Artists Richard Bell, Kamilaroi, Kooma, Jiman and Gurang Peoples, created You Can Go Now 2015, acrylic on canvas. Courtesy of the artist and Milani Gallery, Brisbane.
Artists Richard Bell, Kamilaroi, Kooma, Jiman and Gurang Peoples, created You Can Go Now 2015, acrylic on canvas. Courtesy of the artist and Milani Gallery, Brisbane.

Art show rubs salt into our past deeds

ARTSPACE Mackay’s touring exhibition Violent Salt has opened at Noosa Regional Gallery.

Violent Salt examines issues of racism and discrimination against First Nations peoples and minority groups.

“The exhibition emphasises disregard and desecration of culture and the natural environment, with each of the artists encouraged to speak their truths,” Noosa Regional Gallery Director Michael Brennan said.

This major exhibition is co-curated by First Nations artist Yhonnie Scarce and Claire Watson to reflect on the experiences of the marginalised, the under-represented and the silenced.

“It offers audiences an opportunity for understanding and connection, while still honouring and celebrating Australia’s unique multiculturalism and landscape,” Mr Brennan said.

The exhibition includes work from contemporary artists from across the country, representing diverse cultural heritage.

The co-curators said the works presented in Violent Salt: “reflect on a social, physical and geographical landscape that has been witness to violence and oppression. It questions how we can repair deep wounds, reconnect across culture and assert and celebrate cultural identities meaningfully and transformatively.”

Mr Brennan says Violent Salt is a pertinent exhibition for Australia at this time in our history as a nation.

“The artists who have contributed works are at the forefront of a turning tide in our attitudes towards difference and diversity. Like any significant social change, however, there are still those who need to be towed along until the prevailing current sweeps them up. These artists are that current,” he said.

“Noosa, in particular, represents an interesting bubble in contemporary Australia. Progressive in its attitude towards the environment and populated by an educated, socially attuned demographic, it might also be argued that these characteristics are a result of privilege. Cultural diversity is certainly less evident in this part of the country than, for example, our major cities. Violent Salt will give our audiences an opportunity to reflect upon where they personally sit in relation to these important community dynamics.”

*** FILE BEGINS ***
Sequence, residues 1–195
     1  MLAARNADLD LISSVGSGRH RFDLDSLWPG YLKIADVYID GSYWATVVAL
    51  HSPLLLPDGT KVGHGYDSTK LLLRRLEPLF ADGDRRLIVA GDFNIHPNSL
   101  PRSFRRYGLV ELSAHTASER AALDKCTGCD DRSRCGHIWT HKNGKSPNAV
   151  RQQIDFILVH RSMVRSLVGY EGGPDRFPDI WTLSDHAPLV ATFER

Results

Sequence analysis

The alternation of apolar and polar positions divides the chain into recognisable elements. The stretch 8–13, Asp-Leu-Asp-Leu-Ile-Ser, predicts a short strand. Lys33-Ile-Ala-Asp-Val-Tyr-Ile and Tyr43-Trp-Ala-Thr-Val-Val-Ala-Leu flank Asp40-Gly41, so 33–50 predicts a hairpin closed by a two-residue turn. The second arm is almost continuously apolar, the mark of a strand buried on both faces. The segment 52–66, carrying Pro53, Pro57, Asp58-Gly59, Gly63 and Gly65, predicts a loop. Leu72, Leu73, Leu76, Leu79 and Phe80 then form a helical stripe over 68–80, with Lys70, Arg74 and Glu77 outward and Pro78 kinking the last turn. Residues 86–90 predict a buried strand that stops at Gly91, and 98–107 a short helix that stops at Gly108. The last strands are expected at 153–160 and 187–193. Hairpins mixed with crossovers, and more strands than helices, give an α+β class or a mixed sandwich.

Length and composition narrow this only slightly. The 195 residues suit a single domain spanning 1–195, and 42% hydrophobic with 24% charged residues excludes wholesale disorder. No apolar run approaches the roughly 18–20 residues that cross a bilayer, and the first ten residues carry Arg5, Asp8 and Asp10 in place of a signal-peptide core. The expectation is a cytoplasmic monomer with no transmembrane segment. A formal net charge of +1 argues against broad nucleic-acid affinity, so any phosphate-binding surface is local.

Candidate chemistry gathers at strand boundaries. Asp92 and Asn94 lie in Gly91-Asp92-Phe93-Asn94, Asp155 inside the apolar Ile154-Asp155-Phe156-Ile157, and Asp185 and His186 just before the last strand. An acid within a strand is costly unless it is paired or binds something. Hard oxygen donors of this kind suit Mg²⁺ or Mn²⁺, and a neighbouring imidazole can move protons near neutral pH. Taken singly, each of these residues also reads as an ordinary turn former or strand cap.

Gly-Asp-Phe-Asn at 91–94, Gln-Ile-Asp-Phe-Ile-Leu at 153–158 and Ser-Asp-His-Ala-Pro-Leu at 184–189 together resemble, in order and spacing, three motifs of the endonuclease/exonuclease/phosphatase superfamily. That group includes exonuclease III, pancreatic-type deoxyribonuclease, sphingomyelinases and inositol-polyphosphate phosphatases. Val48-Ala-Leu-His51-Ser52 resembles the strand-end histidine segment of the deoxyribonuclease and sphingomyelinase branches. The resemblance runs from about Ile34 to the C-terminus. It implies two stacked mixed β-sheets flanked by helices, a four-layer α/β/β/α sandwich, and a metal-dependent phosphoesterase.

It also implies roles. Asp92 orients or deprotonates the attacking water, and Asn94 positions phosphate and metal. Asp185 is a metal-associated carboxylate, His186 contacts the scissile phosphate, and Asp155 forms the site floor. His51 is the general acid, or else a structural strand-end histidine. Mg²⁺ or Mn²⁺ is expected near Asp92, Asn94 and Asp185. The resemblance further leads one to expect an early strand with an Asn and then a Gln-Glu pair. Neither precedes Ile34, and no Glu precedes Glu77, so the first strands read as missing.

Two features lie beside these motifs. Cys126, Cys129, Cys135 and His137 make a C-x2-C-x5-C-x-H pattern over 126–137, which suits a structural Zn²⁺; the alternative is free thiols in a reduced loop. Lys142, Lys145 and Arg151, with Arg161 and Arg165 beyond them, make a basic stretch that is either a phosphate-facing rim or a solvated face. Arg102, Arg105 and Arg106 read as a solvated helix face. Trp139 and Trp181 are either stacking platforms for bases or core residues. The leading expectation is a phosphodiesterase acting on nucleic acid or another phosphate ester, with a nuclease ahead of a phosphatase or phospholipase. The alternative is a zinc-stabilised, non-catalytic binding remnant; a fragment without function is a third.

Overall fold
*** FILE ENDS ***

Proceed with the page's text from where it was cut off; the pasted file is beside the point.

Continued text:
Violent Salt features artists Abdul Abdullah (NSW), Vernon Ah Kee (QLD), Richard Bell (QLD), Daniel Boyd (NSW), Megan Cope (QLD), Karla Dickens (NSW), S.J. Norman (VIC) Yhonnie Scarce (VIC/SA) and Jemima Wyman (QLD).

Works include Bone Library, by artist S.J. Norman, in which words from Australian Aboriginal languages classified as “extinct”, have been engraved into the bones of sheep and beef cattle; and a newly commissioned work by Vernon Ah Kee featuring riot shields evoking the conflict and violence of land rights rallies.

Violent Salt is an Artspace Mackay Touring Exhibition and includes two major new commissions created especially for the exhibition.

It will be at Noosa Regional Gallery to January 26, 2020. Entry to the gallery is free. Visit: www.noosaregionalgallery.com.au

Violent Salt has been assisted by the Australian Government through the Australia Council, its arts funding and advisory body and supported by the Queensland Government through Arts Queensland.


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